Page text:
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Please help me identify imagery(metaphor, personification, etc) in the poem "On The...

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panpan113 | Student, Grade 11 | eNoter

Posted June 5, 2011 at 9:43 AM via web

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Please help me identify imagery(metaphor, personification, etc) in the poem "On The Grasshopper and The Cricket" by John Keats and their effects.

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jpenate | Elementary School Teacher | eNotes Newbie

Posted June 5, 2011 at 10:49 AM (Answer #1)

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I read the poem and this is what I came up with:

The grasshopper represents summer and the cricket represents winter. The grasshopper's voice symbolizes the scent of the freshly mown grass. The cricket's song is symbolic to a kettle whistiling on the stove. It proceeds to describe behaviors and moods one would feel during both of these seasons. Fun times ocurr during summer and when you need a break you just rest and take it easy. During the winter you try to stay warm and the grasshopper's voice (summer) seems so far away. Hope that was helpful.

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lsumner | High School Teacher | (Level 2) Senior Educator

Posted June 5, 2011 at 11:09 AM (Answer #2)

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First, the very first line is an example of personification. "The poetry of earth is never dead." Poetry cannot be dead in the sense that humans die.

Also, in line seven, the poet speaks of the grasshopper having delight and fun. This is another example of personification.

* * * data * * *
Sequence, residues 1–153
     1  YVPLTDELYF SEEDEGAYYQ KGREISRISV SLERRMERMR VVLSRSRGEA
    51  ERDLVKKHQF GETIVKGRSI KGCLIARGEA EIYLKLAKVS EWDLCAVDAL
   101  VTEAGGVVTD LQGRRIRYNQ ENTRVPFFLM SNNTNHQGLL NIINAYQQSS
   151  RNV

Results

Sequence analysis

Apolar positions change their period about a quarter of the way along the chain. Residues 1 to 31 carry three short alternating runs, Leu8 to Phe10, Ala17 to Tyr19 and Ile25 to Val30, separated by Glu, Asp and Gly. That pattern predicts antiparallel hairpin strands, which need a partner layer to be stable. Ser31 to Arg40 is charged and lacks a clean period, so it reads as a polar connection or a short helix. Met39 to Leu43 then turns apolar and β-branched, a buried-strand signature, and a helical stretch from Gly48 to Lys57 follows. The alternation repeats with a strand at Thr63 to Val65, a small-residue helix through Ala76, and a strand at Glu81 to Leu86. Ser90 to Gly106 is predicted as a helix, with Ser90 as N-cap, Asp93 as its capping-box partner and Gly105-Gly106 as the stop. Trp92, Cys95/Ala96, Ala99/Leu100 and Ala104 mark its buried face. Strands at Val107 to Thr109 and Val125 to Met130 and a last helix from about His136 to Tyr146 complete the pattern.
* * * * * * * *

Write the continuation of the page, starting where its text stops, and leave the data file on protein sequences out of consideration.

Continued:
Another example of personification would be in line ten and eleven in reference to the frost creating a silence.

The imagery is clear in line two. The poet indicates that the birds are feeling faint from the hot sun. The reader can visualize the birds about to faint from the hot sun.

The cricket's song in line twelve would be imagery. The reader can hear the sweet sound the cricket makes.

The poem is added below for easy reference:

The poetry of earth is never dead:
When all the birds are faint with the hot sun,
And hide in cooling trees, a voice will run
From hedge to hedge about the new-mown mead;
That is the Grasshopper's--he takes the lead
In summer luxury,--he has never done
With his delights; for when tired out with fun
He rests at ease beneath some pleasant weed.
The poetry of earth is ceasing never:
On a lone winter evening, when the frost
Has wrought a silence, from the stove there shrills
The Cricket's song, in warmth increasing ever,
And seems to one in drowsiness half lost,
The Grasshopper's among some grassy hills.

 

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